US chip startup Transmeta has received a major boost from PC
maker Sony, which announced that it would launch a notebook
computer using the company's low-power chips later this year.
Sony said it will use Transmeta's Crusoe chips in its Vaio C1
series, which is an 'ultra-portable' device with a built-in digital
camera. The company used Intel's Celeron 366Mhz processors in
previous versions of its C1 range.
The announcement follows confirmation earlier this month from
IBM that it will be launching a Crusoe-based version of its
I-Series of consumer notebooks in the fourth quarter of this
Following its demonstration of prototype notebooks running
Crusoe at the PC Expo show in June, IBM had cast doubt on its
commitment to the chip and said it was still evaluating customer
demand, but later confirmed its commitment to launching a product
based on the processors.
Both products are described as ultra-portable, and the companies
said Crusoe's lower power consumption and reduced heat generation
are beneficial in these types of device.
Transmeta claims that, when running, the Crusoe chip consumes
around one watt of power compared with an Intel Pentium's 15 to 20
watts. This means that it uses significantly less battery power,
and enables lightweight notebooks to work for up to eight hours. In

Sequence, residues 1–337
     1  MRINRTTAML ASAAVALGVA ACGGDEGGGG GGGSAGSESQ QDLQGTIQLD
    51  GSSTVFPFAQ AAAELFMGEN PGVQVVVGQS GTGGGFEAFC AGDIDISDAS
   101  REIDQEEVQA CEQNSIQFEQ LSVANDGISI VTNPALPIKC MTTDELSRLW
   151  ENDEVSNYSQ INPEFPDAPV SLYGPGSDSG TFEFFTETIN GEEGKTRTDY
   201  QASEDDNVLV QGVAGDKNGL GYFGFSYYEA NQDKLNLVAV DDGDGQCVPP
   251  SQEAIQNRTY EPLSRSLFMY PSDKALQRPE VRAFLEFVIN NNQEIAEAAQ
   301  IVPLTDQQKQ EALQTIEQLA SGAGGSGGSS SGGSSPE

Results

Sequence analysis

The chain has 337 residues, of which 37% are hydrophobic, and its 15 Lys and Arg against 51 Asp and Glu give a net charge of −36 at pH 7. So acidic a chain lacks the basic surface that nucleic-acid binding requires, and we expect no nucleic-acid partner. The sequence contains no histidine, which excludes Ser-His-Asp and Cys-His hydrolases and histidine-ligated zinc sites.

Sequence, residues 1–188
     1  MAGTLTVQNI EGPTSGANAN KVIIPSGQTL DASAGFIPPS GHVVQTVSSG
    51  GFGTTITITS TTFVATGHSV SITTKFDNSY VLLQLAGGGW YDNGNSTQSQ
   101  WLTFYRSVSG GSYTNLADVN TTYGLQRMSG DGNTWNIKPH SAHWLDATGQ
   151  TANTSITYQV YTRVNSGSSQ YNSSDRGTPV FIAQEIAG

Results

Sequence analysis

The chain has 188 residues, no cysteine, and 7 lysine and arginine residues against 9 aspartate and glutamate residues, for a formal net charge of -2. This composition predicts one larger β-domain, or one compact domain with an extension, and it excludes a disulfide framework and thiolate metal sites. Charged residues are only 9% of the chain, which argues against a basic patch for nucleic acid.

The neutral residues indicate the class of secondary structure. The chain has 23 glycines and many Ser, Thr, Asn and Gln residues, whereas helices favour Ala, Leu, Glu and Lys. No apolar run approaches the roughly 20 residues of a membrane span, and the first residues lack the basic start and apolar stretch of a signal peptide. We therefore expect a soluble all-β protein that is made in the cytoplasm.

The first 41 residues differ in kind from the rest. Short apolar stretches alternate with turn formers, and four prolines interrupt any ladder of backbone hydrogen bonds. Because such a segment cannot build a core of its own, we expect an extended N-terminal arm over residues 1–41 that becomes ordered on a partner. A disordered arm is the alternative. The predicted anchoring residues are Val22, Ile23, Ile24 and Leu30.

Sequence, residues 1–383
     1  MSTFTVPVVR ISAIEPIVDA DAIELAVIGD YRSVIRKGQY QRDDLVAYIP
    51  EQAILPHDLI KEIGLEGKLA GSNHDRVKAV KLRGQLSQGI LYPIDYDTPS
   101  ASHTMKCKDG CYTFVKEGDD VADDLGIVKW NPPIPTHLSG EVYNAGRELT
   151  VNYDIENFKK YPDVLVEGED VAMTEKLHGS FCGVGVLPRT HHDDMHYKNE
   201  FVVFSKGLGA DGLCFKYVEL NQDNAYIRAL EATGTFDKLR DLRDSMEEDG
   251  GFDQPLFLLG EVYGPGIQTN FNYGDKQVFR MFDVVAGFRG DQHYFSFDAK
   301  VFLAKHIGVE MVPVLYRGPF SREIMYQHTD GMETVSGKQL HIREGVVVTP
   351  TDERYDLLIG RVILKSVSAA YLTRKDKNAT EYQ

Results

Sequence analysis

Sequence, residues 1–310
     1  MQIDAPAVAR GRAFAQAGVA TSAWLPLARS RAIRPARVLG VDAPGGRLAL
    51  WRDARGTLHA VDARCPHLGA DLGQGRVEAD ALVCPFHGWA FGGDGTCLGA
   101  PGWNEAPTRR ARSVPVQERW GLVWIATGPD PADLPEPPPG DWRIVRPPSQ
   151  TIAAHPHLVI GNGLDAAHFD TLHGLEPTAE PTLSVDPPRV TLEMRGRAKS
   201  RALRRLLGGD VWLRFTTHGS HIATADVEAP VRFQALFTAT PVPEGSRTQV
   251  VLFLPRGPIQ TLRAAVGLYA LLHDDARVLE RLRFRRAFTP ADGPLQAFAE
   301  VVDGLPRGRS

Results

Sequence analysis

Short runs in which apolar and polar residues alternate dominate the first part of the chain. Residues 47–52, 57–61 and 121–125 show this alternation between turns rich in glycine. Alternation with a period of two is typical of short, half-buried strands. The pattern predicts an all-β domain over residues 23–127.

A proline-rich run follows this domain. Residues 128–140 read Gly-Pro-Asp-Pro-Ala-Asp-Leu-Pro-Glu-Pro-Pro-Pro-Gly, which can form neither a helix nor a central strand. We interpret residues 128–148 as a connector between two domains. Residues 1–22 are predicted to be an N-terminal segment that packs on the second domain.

standby mode, Crusoe consumes about 20 milliwatts of power.
Analysts said the announcement is good news for Transmeta, which
needs backing from some of the big names in the mini-notebook
market, such as Sony, Toshiba and Sharp, to ensure its success.
Andy Brown, a senior analyst at researcher IDC, said: "This
is a massive boost for Transmeta - getting industry backing from
these guys who are producing solid ultra-portable machines and have
a reputation in this market. It remains to be seen whether
other companies such as Toshiba get on board, too."
Some of the products that appear on this site are from companies from which QuinStreet receives compensation. This compensation may impact how and where products appear on this site including, for example, the order in which they appear. QuinStreet does not include all companies or all types of products available in the marketplace.